It's not very good. And they took out the best gag, about hall of residence rooms that would make Anne Frank feel claustrophobic. But sheesh, I was proud.
Should I switch to long trousers now?
BYLINE: BY ADAM MACQUEEN
So what now? Suddenly the single most important thing in the known universe for the past two years has been reduced to a few little letters on a tatty sheet of paper. And one month from now comes a great leap into the rest of your life, and then... what?
The overwhelming feeling that affects most soon-to-be students is that they have no idea what to expect. Most have little conception of what university will be like beyond the image given out by boastful siblings, a few bank adverts and the advice of a careers officer who went to university when you paid in the student bar with a ration book. Let's get one thing clear: it's nothing like Saved By The Bell - The College Years. Unless, you get really unlucky.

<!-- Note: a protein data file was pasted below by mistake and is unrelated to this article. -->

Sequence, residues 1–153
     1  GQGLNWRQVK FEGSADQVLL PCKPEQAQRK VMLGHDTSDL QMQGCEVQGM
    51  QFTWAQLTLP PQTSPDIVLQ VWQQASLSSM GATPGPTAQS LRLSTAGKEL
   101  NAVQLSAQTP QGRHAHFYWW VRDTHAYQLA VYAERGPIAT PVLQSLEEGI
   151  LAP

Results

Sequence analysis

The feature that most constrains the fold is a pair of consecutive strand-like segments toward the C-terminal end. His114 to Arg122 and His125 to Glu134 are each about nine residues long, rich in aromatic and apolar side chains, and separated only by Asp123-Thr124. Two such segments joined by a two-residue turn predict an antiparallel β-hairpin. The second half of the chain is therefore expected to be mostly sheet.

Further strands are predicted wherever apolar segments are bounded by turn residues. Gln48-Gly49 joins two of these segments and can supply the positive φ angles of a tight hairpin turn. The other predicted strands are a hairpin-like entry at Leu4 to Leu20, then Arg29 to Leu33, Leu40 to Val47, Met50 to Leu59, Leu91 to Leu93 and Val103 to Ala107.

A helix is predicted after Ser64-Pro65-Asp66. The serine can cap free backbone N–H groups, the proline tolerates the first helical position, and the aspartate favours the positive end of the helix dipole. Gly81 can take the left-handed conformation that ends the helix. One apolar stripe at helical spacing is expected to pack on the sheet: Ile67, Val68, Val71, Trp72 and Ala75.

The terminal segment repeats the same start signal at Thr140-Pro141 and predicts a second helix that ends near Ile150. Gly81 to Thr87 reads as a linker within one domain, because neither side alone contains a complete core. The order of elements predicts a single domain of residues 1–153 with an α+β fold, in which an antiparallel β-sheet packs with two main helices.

I asked sixth formers at James Alleyn Girls School, Dulwich, and Sidcot School, Somerset, about their fears:
'I'm worried about money. I always thought when I finished at school I'd be independent.' Tuition fees are a new area of stress this year. Labour, clearly irked by accusations that they had forgotten their roots of support in the working classes, decided to redress the balance by being absolute bastards to the middle classes as well. In the face of pounds 1,000 extra per annum that dream of independence is replaced with a vision of being shackled to the parental purse strings for another three or four years.